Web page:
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**Example text**

That is to say λ(F ) < ∞, where λ is the Lebesgue measure on R2n . 2 Remark. If the phase point is confined to a set F ⊂ R2n , then we can view F as the phase space of the system (whether F has finite volume or not), taking the σ-algebra Σ of measurable sets in F as the intersections of the Borel sets of R2n with F . ) We then replace the Lebesgue measure by its restriction to F (assuming F is Lebesgue measurable), and we use probability measures on F , instead of on R2n . Also, the observables will be represented by Σ-measurable functions on F , and the observable algebra will be B∞ (F ) := B∞ (Σ).

3) holds for all A ∈ S∗ and B ∈ T, then (A, ϕ, τ ) is ergodic. Proof. 3 in terms of any cyclic representation of (A, ϕ). Suppose (A, ϕ, τ ) is ergodic. 2. This proves (i). 5(i) using the Cauchy-Schwarz inequality |ϕ(AC)| ≤ A∗ ϕ C ϕ with C = n−1 k 1 k=0 τ (B) − ϕ(B). 4), hold for all A ∈ S∗ and B ∈ T. 4(ii) and the identities ι(A∗ ), Ω = ϕ(A) and Ω, ι(B) = ϕ(B), that P = Ω⊗Ω. 3, confirming (ii). This characterizes ergodicity in terms of mixing. 7 Example. Let A be the unital ∗-algebra of 2 × 2-matrices with entries in C, the involution being the conjugate transpose.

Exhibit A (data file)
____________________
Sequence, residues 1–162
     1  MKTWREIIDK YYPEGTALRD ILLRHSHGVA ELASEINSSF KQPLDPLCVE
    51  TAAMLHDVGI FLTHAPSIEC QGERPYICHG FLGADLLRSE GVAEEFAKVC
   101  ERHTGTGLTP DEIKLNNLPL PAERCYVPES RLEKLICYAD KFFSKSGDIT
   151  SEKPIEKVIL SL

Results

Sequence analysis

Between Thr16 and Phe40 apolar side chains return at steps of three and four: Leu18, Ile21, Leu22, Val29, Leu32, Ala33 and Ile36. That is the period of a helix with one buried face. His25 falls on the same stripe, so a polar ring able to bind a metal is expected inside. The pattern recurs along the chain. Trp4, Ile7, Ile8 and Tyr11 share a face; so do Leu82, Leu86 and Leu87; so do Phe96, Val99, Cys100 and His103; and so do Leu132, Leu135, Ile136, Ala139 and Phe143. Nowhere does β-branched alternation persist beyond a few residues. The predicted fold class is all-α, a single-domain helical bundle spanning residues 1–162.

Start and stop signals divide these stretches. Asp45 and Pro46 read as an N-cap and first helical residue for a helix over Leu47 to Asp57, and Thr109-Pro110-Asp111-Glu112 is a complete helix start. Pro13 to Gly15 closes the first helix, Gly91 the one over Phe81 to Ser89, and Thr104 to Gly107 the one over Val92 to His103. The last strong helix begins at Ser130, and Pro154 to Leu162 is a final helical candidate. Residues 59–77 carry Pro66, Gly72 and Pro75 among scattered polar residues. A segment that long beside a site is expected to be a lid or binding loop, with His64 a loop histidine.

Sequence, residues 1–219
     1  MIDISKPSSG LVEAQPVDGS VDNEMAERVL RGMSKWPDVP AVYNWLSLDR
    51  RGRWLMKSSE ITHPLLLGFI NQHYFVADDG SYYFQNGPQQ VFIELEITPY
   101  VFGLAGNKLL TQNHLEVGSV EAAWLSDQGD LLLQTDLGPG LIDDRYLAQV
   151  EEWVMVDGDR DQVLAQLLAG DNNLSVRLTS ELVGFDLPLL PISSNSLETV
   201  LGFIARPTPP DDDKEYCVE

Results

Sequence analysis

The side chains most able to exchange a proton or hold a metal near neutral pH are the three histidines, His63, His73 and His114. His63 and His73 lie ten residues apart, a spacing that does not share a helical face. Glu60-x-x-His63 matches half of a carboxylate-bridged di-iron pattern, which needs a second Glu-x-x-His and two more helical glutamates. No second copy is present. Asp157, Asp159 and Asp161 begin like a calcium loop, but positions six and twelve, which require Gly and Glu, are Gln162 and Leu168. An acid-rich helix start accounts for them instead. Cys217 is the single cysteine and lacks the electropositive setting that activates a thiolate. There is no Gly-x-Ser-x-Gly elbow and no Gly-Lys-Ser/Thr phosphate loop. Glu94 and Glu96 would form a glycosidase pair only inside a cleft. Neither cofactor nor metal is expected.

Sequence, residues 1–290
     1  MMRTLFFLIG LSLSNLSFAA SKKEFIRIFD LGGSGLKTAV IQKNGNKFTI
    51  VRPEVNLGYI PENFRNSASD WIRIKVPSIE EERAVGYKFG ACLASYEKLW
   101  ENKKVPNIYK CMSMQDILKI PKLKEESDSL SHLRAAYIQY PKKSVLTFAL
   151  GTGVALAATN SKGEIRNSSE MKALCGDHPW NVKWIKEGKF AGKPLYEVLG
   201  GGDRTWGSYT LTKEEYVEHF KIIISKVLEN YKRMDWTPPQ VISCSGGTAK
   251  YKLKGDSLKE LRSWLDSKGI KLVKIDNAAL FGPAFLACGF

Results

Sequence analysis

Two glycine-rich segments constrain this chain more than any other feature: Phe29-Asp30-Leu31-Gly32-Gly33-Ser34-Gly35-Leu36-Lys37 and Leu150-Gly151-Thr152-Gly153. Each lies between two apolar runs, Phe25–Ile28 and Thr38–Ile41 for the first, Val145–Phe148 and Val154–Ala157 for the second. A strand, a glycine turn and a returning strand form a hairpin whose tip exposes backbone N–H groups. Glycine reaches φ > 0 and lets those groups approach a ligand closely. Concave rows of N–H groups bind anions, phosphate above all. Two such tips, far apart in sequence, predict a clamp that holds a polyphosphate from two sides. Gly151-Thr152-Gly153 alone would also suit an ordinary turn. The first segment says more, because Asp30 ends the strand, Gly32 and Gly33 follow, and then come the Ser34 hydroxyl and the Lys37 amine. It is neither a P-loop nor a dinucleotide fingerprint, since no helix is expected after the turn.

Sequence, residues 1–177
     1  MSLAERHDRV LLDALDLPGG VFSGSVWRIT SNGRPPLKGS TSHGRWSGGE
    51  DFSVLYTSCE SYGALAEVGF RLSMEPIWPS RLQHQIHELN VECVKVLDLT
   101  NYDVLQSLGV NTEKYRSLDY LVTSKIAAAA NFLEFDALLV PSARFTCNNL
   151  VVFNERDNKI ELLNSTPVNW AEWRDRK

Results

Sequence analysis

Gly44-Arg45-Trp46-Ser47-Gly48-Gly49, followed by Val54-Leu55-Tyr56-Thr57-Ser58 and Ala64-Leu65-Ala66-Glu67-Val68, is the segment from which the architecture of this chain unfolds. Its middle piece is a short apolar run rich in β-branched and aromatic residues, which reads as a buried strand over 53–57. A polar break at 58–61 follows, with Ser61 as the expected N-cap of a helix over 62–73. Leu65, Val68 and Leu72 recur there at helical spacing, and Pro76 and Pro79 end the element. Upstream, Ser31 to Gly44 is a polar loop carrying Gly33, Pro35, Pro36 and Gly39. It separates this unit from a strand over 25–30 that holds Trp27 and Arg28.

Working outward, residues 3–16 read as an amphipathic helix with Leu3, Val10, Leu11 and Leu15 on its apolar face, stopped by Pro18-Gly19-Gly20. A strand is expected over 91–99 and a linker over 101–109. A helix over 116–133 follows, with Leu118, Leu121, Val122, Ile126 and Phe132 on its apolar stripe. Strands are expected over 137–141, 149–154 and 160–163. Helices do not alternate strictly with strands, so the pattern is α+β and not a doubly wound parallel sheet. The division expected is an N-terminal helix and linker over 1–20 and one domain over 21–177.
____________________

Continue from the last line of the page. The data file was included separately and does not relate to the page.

Since the linear span of S is dense in H, this implies that P y = (Ω ⊗ Ω)y. 3(ii). 6. 4 over to ∗-dynamical systems using cyclic representations. 1 Theorem. Let (A, ϕ, τ ) be a ∗-dynamical system, and consider any A ∈ A and ε > 0. Then the set E = k ∈ N : ϕ A∗ τ k (A) is relatively dense in N. > |ϕ(A)|2 − ε 52 CHAPTER 2. RECURRENCE AND ERGODICITY IN ∗-ALGEBRAS Proof. 3 in terms of any cyclic representation of (A, ϕ). Set x = ι(A). 1) it is clear that Ω = ι(1) is a fixed point of U, so Ω, x = P Ω, x = Ω, P x .